ON MARCH 2, 1985, WILLIAM STRINGFELLOW died at the age of 56 (see "A Tribute to William Stringfellow," Sojourners, April 1985). Stringfellow was a lawyer, a theologian, and an author. He was well known as a defender of poor people and unpopular causes, especially during his years of practice in East Harlem, and as an outspoken opponent of oppression in all forms. In 1974 he was defense lawyer for 11 women irregularly ordained to the Episcopal priesthood, a case which led the way for ordination of women in the Episcopal church.
In 1969 Stringfellow moved to Block Island, off the coast of Rhode Island. He named his home there "Eschaton," the Greek word meaning "the end of the world which is the beginning of the kingdom of God." He served a term as second warden of Block Island, the municipal name of which is New Shoreham. During his term he fought land speculators and developers, who threatened to destroy the island's ecology.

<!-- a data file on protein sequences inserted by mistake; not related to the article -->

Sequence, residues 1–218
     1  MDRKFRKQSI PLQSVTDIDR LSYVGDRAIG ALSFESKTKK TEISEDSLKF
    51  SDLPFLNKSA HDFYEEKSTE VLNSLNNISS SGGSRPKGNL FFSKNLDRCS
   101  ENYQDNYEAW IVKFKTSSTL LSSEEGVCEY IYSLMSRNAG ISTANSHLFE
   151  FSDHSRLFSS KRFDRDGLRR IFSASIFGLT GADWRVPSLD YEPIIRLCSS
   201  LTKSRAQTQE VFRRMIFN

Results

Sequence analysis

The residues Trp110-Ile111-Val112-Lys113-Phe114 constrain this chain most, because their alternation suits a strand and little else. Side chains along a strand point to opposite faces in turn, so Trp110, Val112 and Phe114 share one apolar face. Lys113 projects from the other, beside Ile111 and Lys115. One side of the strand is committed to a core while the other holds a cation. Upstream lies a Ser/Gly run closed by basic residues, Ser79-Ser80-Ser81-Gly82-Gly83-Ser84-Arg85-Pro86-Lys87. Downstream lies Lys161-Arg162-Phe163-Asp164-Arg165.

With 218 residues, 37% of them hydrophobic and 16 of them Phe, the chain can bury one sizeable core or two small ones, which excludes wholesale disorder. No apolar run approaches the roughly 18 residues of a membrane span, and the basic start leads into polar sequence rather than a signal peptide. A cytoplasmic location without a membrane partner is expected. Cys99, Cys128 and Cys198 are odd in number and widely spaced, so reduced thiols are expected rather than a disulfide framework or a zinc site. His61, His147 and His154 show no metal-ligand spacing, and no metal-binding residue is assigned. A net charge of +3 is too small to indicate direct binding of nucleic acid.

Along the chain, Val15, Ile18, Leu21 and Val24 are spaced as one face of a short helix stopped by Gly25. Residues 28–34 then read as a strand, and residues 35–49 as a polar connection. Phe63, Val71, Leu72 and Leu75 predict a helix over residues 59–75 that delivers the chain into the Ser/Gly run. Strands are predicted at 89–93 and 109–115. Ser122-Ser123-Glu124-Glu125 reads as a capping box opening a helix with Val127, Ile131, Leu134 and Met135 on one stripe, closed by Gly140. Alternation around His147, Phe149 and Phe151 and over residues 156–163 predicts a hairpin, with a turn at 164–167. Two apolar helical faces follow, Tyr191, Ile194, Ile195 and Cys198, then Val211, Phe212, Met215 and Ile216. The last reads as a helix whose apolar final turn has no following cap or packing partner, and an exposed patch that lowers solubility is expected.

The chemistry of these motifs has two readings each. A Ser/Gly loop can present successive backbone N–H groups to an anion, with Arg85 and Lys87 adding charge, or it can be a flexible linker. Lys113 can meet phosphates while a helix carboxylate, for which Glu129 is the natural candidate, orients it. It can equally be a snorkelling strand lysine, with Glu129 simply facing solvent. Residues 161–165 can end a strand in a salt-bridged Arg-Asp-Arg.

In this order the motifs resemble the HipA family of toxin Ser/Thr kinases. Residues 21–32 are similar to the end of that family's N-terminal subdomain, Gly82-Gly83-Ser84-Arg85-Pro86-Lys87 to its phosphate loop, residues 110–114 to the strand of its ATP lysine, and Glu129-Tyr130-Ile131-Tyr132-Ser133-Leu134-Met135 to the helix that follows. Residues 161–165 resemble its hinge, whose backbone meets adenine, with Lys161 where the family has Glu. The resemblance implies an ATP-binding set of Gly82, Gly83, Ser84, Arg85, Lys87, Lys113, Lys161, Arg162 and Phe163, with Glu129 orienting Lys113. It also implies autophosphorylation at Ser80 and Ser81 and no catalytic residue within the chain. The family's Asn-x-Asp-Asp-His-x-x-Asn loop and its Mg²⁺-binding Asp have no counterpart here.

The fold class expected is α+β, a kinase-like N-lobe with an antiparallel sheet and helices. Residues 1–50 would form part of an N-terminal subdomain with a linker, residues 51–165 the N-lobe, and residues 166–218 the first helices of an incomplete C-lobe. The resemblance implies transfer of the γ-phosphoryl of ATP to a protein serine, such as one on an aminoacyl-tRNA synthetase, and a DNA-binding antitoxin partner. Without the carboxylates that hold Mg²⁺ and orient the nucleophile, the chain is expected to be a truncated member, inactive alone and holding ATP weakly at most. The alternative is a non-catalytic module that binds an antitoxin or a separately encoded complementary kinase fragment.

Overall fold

In 1970 Daniel Berrigan was picked up at Eschaton by the FBI, who was in search of him for burning draft files in protest of the Vietnam war. Both Stringfellow and Anthony Towne, a poet and satirist who shared the Block Island home, were indicted for "harboring a fugitive"; the charges were later dismissed.
On March 5, three days after his death, friends and family of William Stringfellow gathered at his island home. Daniel Berrigan offered the following eulogy at the memorial service that day.
I feel reasonably certain I can count on your patience, as I speak from scattered notes in a time of deep distress.
A sophisticated people is struck by a shortage of words adequate to describe a bad time and how one might meet it. So we grope about with negatives: nonviolence, non-compliance, non-betrayal. In such a time, it occurs to me that friendship is reduced to the bone; it becomes a matter of non-betrayal.